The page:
With all this interpersonal drama on the boil, you’d be forgiven for thinking that Super Lesbian Animal RPG’s combat might be an afterthought. However, it presents a surprising degree of depth, complete with an elemental magic system and spellbooks to expand your party’s abilities. Melody and Allison also boost each other’s stats by kissing during combat, which is by far and away the best way to bestow a buff upon your girlfriend in a turn-based game – the number of kisses is even recorded on your save file.
Super Lesbian Animal RPG doesn’t take itself too seriously, but it also doesn’t slip into irreverence, resulting in an LGBTQIA+ fantasy balanced with clever humor, emotional resonance, and a heart worn on its sleeve.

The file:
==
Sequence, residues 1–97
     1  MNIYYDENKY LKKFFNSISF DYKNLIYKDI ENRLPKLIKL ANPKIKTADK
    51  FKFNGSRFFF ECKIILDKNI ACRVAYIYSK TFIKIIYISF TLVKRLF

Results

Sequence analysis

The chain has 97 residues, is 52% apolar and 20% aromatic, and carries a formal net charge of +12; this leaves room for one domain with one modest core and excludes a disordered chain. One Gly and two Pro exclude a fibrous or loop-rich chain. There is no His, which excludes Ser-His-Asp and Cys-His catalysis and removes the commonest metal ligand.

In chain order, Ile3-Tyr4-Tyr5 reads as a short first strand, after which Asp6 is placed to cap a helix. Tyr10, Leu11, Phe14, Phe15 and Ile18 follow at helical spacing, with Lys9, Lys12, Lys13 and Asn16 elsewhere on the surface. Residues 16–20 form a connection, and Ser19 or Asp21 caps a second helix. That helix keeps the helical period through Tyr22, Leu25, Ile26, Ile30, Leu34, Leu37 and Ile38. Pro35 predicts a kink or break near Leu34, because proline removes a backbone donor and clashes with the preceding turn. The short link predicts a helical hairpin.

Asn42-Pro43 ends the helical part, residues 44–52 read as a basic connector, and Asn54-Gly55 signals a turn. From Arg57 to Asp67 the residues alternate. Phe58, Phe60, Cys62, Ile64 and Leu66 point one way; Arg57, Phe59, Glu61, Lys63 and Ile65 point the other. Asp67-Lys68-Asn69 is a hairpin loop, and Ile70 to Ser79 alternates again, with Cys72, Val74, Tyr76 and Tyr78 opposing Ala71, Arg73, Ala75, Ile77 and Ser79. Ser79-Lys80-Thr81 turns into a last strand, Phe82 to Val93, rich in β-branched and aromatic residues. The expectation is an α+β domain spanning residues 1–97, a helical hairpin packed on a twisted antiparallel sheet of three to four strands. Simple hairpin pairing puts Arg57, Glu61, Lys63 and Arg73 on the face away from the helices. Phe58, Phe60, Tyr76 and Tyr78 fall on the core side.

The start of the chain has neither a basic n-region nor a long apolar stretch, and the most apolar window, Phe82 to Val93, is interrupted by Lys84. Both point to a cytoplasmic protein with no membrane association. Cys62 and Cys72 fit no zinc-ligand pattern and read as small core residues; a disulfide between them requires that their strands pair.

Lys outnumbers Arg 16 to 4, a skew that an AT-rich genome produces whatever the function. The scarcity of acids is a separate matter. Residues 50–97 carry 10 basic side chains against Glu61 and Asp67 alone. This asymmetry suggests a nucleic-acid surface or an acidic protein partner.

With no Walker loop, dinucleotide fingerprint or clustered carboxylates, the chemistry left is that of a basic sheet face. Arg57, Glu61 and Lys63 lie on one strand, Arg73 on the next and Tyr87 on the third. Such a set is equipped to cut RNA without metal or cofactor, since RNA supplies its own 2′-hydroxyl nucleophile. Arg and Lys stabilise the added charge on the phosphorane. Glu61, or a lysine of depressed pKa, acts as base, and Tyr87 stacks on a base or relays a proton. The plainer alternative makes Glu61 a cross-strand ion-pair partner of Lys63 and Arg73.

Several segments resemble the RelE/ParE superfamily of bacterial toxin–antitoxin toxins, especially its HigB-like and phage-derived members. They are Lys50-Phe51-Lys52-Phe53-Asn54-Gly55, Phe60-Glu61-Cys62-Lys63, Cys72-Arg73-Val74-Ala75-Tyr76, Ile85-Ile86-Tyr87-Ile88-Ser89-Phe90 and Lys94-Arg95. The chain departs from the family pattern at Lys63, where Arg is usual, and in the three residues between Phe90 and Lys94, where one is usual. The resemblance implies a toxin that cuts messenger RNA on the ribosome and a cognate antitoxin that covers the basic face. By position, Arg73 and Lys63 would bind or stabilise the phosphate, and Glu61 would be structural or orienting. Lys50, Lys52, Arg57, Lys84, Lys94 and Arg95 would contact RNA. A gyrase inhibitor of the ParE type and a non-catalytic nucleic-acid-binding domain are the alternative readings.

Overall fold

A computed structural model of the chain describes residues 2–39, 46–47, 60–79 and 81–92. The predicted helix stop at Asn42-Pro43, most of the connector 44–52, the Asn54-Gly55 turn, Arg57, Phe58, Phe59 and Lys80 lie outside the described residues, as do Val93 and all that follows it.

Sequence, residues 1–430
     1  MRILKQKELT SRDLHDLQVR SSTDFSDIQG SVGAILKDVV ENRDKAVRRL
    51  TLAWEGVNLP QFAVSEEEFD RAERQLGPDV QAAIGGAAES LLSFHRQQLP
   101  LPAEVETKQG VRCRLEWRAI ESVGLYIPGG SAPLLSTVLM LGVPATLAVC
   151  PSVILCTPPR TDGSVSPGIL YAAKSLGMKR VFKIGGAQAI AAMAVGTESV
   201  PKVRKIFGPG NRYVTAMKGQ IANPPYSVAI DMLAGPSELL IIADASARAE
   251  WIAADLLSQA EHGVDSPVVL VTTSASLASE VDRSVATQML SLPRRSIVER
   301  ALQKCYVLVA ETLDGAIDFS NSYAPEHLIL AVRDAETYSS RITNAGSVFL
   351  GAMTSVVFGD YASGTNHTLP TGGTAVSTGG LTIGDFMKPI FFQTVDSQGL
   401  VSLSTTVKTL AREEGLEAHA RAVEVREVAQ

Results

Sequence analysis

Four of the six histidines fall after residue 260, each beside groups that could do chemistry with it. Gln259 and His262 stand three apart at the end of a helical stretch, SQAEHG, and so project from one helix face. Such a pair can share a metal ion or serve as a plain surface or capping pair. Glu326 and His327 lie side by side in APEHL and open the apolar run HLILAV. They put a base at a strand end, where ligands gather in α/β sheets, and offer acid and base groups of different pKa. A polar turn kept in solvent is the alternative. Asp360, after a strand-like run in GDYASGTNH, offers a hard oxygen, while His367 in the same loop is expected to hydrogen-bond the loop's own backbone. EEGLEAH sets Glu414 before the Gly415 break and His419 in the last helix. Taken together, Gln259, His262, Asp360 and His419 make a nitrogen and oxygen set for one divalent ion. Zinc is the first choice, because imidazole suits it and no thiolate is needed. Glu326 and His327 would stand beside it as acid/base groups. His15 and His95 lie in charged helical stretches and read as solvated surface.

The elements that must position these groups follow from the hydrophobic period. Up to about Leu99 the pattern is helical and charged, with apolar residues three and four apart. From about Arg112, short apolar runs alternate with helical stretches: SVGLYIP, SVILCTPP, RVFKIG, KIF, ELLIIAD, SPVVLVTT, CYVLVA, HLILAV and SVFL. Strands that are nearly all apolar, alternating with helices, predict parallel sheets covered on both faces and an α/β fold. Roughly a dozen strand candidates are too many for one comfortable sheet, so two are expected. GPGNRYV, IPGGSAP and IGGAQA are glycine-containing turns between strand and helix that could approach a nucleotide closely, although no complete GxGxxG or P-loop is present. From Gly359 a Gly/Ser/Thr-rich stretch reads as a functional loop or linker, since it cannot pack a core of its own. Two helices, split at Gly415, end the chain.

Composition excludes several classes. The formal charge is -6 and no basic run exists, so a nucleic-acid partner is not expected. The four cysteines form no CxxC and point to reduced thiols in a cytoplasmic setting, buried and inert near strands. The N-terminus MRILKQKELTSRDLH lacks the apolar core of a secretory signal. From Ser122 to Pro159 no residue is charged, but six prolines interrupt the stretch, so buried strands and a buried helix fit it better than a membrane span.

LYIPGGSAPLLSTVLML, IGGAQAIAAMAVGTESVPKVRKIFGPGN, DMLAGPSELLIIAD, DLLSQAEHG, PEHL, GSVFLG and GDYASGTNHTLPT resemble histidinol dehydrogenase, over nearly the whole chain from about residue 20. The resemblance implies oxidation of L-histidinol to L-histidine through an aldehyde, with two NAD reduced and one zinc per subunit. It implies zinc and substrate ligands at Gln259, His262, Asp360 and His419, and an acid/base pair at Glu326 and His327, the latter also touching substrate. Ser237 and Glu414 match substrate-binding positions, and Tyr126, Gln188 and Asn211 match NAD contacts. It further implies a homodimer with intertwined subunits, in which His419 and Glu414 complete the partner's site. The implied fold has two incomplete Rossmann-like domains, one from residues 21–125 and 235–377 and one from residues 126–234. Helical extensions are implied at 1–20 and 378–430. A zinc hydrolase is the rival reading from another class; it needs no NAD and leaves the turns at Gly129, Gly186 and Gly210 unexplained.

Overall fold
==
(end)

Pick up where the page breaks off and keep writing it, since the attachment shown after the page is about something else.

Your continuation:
Sayonara Wild Hearts sits at the intersection of auto-runner and rhythm game. Legendary hip-hop pioneer Queen Latifah narrates its premise with the gentle tones of a bedtime story: a young woman is isekai’d from her bed to restore balance to an arcane world by taking on the mantle of The Fool, a masked heroine born from the shards of a broken heart.
After your impromptu magical girl transformation, you’re catapulted into a surreal world suffused with the colors of the bisexual flag. Electric pinks, neon blues, and deep purples coalesce into a dynamic sensory experience as you parkour, fly, and skate your way through each stage of healing heartbreak. The Fool moves ceaselessly through the world as the trials and tribulations of love unfold before you in a kaleidoscope of heart-shaped collectibles and rhythm-based boss battles. The accompanying soundtrack is both poppy and unapologetically feminine, inspired by the likes of Sia, Chvrches, and Carly Rae Jepson – which accounts for at least half of any modern queer Spotify playlist.